By Professor Peter Butt
“The moment you read something you can’t understand, you just know it was written by a lawyer.” So said Will Rogers, the American comedian, echoing a common sentiment. For centuries, the way that lawyers write has been a source of ridicule. Long sentences, contorted syntax, quaint terminology—all have been the subject of
caricature and condemnation.
But why do lawyers write that way? Why do they use such long sentences—sometimes hundred of words long? Why do they use such archaic and pompous language? Why such contorted syntax? Why two or three words, when one would do? What possible justification can exist for a style so tortuous, so complex, and so inelegant?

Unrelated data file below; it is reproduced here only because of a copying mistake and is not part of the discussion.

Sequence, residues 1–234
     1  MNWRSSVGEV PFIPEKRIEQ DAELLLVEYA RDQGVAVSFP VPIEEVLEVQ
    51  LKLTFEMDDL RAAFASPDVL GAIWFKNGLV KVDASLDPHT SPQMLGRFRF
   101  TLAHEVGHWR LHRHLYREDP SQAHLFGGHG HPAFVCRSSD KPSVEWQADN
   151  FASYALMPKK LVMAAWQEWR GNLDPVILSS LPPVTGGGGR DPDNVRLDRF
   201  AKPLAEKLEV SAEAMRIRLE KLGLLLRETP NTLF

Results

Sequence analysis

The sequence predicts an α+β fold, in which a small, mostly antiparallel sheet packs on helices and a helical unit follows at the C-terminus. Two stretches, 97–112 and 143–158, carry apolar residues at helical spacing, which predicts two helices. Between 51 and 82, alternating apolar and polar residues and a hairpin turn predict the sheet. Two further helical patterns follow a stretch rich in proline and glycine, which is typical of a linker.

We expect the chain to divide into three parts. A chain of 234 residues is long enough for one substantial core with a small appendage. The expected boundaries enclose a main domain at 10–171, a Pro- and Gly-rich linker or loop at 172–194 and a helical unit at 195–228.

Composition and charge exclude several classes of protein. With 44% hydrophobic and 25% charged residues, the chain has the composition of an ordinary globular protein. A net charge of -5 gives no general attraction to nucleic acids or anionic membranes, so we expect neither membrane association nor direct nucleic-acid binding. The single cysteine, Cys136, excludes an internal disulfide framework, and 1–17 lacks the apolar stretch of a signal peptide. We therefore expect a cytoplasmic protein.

Let me give you an example of this tortuous, complex and inelegant style. Suppose a landlord and a tenant want to enter into a lease. They agree that the tenant will have the duty to repair the leased premises. They go to a lawyer to prepare the lease for them. When drafting the “repair” clause, the lawyer could write: “The tenant must repair the premises”. Legally, this should suffice. There would be no need to define “the premises”, because they would be defined elsewhere in the lease. There would be no need to list the various parts of the premises, because the term “the premises” necessarily includes all parts of the premises. And there would be no need to expand on the term “repair”, because it is an ordinary English word, with (as the lawyer should know) a meaning elucidated by many judicial decisions. Yet compare that wording—”The tenant must repair the premises”—with the verbal excesses that adorned the repairing covenant in a leading English court case: